- Beth G Goldstein, MD
Beth G Goldstein, MD
- Adjunct Clinical Assistant Professor
- Department of Dermatology
- University of North Carolina at Chapel Hill
- Adam O Goldstein, MD, MPH
Adam O Goldstein, MD, MPH
- Department of Family Medicine
- University of North Carolina at Chapel Hill
- Section Editors
- Robert P Dellavalle, MD, PhD, MSPH
Robert P Dellavalle, MD, PhD, MSPH
- Section Editor — General Dermatology
- Professor of Dermatology and Public Health
- University of Colorado School of Medicine
- Colorado School of Public Health
- Chief, Dermatology Service
- US Department of Veterans Affairs
- Eastern Colorado Health Care System
- Mark V Dahl, MD
Mark V Dahl, MD
- Section Editor — Acne and Rosacea
- Professor Emeritus
- Mayo Clinic College of Medicine
Pseudofolliculitis barbae (pseudofolliculitis of the beard), often colloquially referred to as "razor bumps," "shave bumps," or "ingrown hairs," is a common cutaneous condition that develops as a result of the removal of facial hair. Pseudofolliculitis barbae most frequently occurs in association with shaving and results from an inflammatory response to the cutaneous entrapment of recently cut, short hairs.
Pseudofolliculitis barbae typically presents with firm papules and pustules in the beard area. The appearance of the disorder can be cosmetically distressing for affected patients. Postinflammatory hyperpigmentation, secondary bacterial infection, scarring, and keloid formation are potential complications.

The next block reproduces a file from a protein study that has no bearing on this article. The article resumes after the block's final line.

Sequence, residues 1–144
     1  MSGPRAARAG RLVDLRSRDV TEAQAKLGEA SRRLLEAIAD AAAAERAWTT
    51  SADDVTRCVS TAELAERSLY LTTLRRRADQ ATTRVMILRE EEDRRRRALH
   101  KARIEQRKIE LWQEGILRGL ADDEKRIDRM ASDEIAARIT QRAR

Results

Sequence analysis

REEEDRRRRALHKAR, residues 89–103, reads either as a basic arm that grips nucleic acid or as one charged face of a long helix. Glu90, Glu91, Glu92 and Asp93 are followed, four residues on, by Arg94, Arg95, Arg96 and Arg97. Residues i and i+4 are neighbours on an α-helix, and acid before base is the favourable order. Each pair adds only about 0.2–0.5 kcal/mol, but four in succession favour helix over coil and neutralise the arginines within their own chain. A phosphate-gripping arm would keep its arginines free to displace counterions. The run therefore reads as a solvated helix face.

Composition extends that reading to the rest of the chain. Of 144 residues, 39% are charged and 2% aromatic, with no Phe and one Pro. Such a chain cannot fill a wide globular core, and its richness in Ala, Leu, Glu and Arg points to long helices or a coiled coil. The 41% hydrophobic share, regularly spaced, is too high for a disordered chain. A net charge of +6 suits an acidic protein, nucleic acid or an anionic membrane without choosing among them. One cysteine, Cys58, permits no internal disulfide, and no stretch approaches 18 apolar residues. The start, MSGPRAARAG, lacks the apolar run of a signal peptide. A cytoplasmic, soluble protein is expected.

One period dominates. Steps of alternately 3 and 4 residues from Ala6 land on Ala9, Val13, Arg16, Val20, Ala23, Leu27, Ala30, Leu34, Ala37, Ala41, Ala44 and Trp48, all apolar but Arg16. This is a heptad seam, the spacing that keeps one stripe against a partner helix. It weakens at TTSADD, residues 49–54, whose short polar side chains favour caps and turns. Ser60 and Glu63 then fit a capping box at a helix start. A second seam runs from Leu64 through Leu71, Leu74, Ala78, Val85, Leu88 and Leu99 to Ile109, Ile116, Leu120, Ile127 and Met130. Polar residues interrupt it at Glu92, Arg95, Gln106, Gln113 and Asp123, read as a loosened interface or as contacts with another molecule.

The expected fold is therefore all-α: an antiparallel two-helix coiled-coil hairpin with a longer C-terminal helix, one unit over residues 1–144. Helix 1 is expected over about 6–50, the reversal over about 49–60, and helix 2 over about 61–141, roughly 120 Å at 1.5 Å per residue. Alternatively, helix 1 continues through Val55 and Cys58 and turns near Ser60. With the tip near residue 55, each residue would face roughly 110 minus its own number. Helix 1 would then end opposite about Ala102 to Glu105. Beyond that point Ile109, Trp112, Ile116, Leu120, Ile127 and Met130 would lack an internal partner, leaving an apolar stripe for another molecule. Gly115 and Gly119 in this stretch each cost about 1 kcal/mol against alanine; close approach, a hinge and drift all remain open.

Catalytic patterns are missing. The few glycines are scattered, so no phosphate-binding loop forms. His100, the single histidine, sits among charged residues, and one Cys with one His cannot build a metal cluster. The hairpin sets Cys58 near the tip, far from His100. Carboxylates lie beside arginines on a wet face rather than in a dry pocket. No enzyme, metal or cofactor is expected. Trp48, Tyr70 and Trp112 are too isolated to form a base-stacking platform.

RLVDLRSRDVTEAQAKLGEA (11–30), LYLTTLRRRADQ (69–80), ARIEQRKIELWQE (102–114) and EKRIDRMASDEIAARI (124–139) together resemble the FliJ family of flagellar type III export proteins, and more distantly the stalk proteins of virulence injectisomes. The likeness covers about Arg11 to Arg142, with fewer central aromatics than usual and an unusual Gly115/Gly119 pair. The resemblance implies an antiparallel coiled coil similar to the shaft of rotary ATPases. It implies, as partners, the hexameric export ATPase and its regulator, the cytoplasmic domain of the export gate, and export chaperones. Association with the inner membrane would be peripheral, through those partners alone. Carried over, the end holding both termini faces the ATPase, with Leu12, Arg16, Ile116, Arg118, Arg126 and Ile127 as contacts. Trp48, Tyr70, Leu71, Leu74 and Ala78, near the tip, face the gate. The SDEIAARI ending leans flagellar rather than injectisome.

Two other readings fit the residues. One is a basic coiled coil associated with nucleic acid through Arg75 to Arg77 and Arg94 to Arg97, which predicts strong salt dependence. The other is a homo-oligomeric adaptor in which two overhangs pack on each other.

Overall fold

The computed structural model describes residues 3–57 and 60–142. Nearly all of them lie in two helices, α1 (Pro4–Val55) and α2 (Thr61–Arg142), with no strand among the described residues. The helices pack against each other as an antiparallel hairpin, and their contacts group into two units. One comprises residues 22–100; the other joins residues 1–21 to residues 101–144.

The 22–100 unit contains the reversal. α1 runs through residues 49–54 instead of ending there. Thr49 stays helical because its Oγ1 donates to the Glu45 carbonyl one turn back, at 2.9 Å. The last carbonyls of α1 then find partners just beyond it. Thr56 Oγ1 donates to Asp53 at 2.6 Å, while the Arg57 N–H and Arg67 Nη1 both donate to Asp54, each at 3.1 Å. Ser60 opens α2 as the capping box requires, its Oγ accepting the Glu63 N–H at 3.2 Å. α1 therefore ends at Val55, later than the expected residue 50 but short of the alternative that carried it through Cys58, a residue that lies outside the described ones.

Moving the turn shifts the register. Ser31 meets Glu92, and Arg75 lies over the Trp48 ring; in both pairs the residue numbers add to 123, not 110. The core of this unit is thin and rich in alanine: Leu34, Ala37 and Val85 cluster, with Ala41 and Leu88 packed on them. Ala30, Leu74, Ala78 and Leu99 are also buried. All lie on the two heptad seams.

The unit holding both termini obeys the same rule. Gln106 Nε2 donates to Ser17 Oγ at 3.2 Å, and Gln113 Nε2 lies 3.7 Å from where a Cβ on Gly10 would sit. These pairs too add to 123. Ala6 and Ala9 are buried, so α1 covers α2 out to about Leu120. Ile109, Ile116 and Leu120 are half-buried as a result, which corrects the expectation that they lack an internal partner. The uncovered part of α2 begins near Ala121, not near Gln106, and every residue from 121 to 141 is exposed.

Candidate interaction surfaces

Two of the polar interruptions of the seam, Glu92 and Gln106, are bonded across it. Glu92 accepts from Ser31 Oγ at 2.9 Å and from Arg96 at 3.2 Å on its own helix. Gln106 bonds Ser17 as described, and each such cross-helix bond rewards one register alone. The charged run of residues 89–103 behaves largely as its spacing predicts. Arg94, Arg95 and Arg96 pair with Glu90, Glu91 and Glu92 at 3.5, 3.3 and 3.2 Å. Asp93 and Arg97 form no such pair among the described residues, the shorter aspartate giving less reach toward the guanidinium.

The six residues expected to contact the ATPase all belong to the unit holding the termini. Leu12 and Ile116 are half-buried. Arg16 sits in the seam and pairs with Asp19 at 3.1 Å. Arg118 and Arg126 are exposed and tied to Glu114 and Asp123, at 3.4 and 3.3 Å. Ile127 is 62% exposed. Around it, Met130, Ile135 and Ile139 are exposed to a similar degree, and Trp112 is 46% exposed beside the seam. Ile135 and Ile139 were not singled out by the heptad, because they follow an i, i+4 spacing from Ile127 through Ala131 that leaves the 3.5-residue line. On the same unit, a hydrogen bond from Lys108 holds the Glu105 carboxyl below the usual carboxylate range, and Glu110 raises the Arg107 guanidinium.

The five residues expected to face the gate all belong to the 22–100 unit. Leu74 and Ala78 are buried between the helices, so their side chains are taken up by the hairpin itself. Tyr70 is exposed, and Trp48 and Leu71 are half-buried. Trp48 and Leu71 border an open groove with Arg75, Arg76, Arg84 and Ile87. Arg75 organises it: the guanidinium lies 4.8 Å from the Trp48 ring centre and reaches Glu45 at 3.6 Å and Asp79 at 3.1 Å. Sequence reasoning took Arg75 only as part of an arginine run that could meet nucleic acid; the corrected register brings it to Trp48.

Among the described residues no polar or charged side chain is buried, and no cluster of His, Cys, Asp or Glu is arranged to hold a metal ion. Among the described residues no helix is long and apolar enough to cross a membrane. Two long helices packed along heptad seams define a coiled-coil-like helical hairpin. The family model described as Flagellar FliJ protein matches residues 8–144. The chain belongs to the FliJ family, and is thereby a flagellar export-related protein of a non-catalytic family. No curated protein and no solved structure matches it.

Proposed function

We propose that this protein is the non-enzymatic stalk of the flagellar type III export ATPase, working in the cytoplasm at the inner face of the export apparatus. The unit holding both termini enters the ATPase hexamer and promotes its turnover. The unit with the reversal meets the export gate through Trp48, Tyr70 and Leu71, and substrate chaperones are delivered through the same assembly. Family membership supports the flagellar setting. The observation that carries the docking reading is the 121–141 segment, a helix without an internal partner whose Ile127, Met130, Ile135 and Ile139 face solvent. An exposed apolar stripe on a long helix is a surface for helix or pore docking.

The pathogenesis, diagnosis, and management of pseudofolliculitis barbae will be reviewed here.
Pseudofolliculitis barbae is most prevalent in black men. Between 45 and 83 percent of black men and 3 percent of white men who shave facial hair develop pseudofolliculitis barbae [1,2]. Women who remove facial hair also may develop the condition.
While the cheeks and neck are the most common sites of pseudofolliculitis, the condition can occur in any hairy area. Individuals who remove hair from sites such as the axilla, pubic area, and legs may develop pseudofolliculitis in these areas .To continue reading this article, you must log in with your personal, hospital, or group practice subscription. For more information on subscription options, click below on the option that best describes you:
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- CLINICAL FEATURES AND DIAGNOSIS
- Differential diagnosis
- Approach to therapy
- Preventive measures
- - Cessation of shaving
- - Alternative hair removal techniques
- Adjustments to shaving routine
- Electric clippers
- - Long-term hair reduction
- Laser hair removal
- Adjunctive medical therapy
- SUMMARY AND RECOMMENDATIONS